Arch Osteoporos. 2020 Jan 3;15(1):12. doi: 10.1007/s11657-019-0675-1.
We present the second implementation of a fracture liaison service (FLS) at a national level in Greece.
This was a multicenter prospective study, organized by the Hellenic Society for the Study of Bone Metabolism, aiming to investigate the tracking and outcome of patients with low-trauma fractures visiting four university orthopedic departments across the country. The primary endpoint was the participation rate of eligible patients with low-trauma fractures in the program within a time frame of 1 year. Secondary outcomes included the percentage of patients initiating osteoporosis treatment, adherence to treatment, and the percentage of patients experiencing subsequent fractures. A major difference with previous reports was the designed implication of the orthopedic surgeon managing the fracture.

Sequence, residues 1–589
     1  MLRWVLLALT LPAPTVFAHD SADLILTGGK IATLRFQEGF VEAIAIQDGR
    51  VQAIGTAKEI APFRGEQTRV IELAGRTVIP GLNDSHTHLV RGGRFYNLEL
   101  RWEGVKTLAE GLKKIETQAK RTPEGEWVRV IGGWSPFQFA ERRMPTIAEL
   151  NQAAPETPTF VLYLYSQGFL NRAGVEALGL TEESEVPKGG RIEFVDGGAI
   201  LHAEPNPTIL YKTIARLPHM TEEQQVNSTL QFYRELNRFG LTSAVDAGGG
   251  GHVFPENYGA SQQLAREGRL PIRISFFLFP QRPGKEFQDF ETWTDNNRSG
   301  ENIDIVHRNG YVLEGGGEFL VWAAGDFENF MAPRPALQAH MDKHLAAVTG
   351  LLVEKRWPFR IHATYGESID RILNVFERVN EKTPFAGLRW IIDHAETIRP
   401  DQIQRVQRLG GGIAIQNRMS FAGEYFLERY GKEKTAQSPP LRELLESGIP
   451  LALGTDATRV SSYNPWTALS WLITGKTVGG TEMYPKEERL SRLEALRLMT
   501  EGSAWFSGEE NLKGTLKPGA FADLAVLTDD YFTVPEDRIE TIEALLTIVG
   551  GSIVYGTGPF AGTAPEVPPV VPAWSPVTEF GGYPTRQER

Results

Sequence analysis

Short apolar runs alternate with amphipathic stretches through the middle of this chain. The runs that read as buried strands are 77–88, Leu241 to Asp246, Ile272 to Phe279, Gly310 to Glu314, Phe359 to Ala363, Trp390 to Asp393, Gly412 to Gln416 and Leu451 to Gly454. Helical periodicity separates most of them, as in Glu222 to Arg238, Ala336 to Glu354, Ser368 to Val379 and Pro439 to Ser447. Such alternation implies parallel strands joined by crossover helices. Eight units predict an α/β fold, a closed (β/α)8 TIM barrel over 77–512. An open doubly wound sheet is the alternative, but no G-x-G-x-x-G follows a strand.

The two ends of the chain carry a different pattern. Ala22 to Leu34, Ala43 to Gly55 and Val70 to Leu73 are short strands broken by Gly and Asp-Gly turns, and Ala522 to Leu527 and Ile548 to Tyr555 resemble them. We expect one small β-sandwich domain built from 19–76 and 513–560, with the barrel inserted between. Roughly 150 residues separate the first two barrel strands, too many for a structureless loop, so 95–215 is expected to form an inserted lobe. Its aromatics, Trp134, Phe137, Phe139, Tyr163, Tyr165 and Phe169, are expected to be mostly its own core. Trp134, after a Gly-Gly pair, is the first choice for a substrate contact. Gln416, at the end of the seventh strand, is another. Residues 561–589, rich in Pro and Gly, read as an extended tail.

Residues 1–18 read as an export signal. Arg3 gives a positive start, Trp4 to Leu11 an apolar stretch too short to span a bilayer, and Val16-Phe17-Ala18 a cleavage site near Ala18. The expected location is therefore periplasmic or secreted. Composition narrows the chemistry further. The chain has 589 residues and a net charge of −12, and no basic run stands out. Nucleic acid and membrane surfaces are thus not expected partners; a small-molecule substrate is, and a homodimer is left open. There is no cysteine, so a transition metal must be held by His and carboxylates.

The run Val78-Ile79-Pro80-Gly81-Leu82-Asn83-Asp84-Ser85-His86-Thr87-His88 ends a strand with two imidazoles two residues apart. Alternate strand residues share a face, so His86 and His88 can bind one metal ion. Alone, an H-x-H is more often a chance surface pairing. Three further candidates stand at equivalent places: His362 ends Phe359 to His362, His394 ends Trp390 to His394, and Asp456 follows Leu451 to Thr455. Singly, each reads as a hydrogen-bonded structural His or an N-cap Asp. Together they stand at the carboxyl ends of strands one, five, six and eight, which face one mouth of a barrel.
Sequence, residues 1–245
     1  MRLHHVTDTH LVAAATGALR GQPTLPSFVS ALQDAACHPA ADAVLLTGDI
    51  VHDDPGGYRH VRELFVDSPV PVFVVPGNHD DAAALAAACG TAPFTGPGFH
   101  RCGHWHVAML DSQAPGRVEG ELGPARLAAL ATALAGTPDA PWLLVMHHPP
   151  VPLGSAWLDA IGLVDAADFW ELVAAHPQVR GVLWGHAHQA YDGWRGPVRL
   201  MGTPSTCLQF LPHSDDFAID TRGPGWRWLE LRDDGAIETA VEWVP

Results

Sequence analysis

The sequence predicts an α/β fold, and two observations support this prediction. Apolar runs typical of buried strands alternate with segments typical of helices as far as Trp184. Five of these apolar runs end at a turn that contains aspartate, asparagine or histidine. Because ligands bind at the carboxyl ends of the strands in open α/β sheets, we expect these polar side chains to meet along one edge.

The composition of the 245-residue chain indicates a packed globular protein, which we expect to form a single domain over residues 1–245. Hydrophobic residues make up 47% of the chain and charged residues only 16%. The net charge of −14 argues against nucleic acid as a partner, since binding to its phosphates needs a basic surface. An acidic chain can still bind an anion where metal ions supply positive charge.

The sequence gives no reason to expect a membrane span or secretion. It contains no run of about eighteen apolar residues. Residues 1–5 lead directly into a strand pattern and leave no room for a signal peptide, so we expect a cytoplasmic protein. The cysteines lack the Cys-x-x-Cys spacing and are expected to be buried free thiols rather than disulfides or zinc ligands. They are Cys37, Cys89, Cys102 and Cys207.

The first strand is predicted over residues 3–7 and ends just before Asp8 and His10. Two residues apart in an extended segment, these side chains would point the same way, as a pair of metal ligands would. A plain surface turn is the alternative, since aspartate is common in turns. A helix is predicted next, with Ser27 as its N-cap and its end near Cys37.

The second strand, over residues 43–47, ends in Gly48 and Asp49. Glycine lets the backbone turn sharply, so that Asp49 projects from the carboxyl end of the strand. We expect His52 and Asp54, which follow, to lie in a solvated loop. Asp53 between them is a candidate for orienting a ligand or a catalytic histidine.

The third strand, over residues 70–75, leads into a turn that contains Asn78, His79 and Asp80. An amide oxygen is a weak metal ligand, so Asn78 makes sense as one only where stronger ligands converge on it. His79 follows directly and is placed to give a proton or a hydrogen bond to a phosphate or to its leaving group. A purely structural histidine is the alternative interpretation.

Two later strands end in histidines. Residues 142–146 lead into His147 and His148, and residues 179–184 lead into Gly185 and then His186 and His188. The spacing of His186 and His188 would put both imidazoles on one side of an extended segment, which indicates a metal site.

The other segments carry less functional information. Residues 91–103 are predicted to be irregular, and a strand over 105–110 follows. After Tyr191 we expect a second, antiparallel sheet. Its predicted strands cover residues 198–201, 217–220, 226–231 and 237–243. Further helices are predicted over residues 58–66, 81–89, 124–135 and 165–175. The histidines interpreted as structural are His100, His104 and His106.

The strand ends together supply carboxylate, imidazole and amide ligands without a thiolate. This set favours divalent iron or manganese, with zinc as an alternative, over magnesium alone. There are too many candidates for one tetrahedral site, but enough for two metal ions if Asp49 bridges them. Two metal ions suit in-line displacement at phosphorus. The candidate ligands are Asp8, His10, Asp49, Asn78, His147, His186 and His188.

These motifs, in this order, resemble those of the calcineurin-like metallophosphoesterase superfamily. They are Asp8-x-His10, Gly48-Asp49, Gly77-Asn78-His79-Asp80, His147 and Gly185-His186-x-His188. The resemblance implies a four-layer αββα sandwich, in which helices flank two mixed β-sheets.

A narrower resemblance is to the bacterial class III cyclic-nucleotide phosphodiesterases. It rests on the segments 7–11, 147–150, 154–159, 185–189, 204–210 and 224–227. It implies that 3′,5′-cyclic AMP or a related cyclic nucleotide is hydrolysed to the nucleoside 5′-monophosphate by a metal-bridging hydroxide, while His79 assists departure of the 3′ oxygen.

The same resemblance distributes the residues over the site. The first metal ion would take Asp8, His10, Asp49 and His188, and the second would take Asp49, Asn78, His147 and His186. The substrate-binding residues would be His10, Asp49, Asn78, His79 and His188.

Among the 1350 eligible patients with major osteoporotic fractures, only 396 (29.3%; mean age 78.1 ± 11.6 years; female/male ratio: 4.4) agreed to participate, nearly all of the latter (n = 392) completing the study. With the exception of seven patients, all participants were receiving anti-osteoporotic treatment at the end of the study. Twelve new fractures were recorded at completion of the 12-month follow-up, which were all sustained in patients who either declined to receive anti-osteoporotic treatment or who discontinued treatment despite advice to the contrary.
The participation rate remains low and needs improvement. However, we report herein that whenever the treating physician is involved in the FLS structure, patients are more easily convinced to complete the program, to receive anti-osteoporotic treatment, and to stay connected throughout with the outpatient clinic.